MANILA - What do the websites of New York Times, CNN and the Philippine government (gov.ph) have in common?
They're all powered by WordPress, the largest self-hosted blogging tool in the world.
Matt Mullenweg, the co-founder of WordPress and founder of Automattic, is hoping that at least 50 percent of all websites in the world will be powered by WordPress in the next decade.
"We're now up to 22 percent of all websites and still growing that pretty aggressively. A manifestation of our mission is to get a majority of websites in the world on open-source software... The way we grew the past year, it would take 9 to 10 years (to get to 50 percent) but we're hoping we can do that much sooner," Mullenweg told ABS-CBNnews.com in an interview at Globe Tower in Bonifacio Global City, Monday.
Mullenweg was a student at the University of Houston when he started Wordpress in 2003 with Mike Little. As a blogger, he was dissatisfied with the publishing tools available then.
"I was just blogging myself and I felt the software could be better. It was just making something that I wanted to use. That's what we do today," he said.
He dropped out of college to join CNET, and went on to start Automattic, the company behind WordPress.com, Polldaddy, among others.
Now, WordPress is 11 years old and continues to grow. It now has 235 employees all over the world, and has just hired its first employee in the Philippines.
Mullenweg is very passionate about spreading the philosophy of WordPress, which is why he is on an "Asian summer tour" to meet bloggers, developers and designers.
"First and foremost, the mission of WordPress is to democratize publishing. We want to provide equality of opportunity for anyone in the world, regardless of what language they speak, what country they live in, or how much money they have, to have a voice online, to be able to publish," he said.
Mullenweg is in the country for the WordPress Community Meet-up. This is his third trip to the Philippines, which was one of the first countries to adopt WordPress.
"The Philippines has always been an early adopter of WordPress because of the English fluency... But I still think it could be a lot more, and that's part of why I'm here... I do feel like many more people could benefit from using WordPress and the flexibility and freedom that the software provides for free or a low price," he said.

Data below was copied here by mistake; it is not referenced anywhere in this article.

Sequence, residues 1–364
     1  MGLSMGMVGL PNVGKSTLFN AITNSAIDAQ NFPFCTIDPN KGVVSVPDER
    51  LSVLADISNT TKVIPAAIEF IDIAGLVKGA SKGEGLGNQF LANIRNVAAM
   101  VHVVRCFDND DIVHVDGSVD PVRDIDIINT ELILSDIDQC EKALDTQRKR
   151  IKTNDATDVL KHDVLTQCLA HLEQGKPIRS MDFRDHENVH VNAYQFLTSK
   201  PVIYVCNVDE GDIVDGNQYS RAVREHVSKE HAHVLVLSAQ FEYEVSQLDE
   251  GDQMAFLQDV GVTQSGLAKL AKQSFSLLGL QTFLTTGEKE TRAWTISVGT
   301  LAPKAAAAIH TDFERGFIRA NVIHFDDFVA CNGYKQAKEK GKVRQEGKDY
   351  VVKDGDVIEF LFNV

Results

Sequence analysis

While WordPress may have initially started as a blogging tool, now it can be used as a full content management system. People can use it for blogging, e-commerce, small business sites, or almost any website.
Many are now shifting to WordPress for their CMS, and Mullenweg hopes more will do the same.
"If the decisions are being made by a CTO somewhere who's spending $10 million, they're probably not going to use WordPress. But at the point where folks are coming out and saying: 'hey, this thing I use for free on my personal site works better than this thing that we spent millions of dollars on.' That's when the tide starts to shift. That probably happened first in the US but we see the same thing happening in Germany, Korea," he said.
With more traffic coming from mobile, WordPress is also beefing up its social and mobile aspects.
"One is the JetPack plugin. It's really powerful and it makes your blog faster, more social and connected... Another is mobile apps. Over the next two years, we're investing a ton on making the mobile experience rich and really beautiful. Everything we develop, we do it 'mobile first' now," he said.
Asked what he thinks is the secret to WordPress' continued success, Mullenweg answered, "Community. It really comes back to the people."
"WordPress is not just a company or a product, it's a movement. There's hundreds of thousands of people who are making their living from the software, thousands of people who contribute to make the software, it's a product of all of us. It doesn't belong to me anymore that Wikipedia belongs to Jimmy Wales... It's the product of a lot of talented people working together," he said.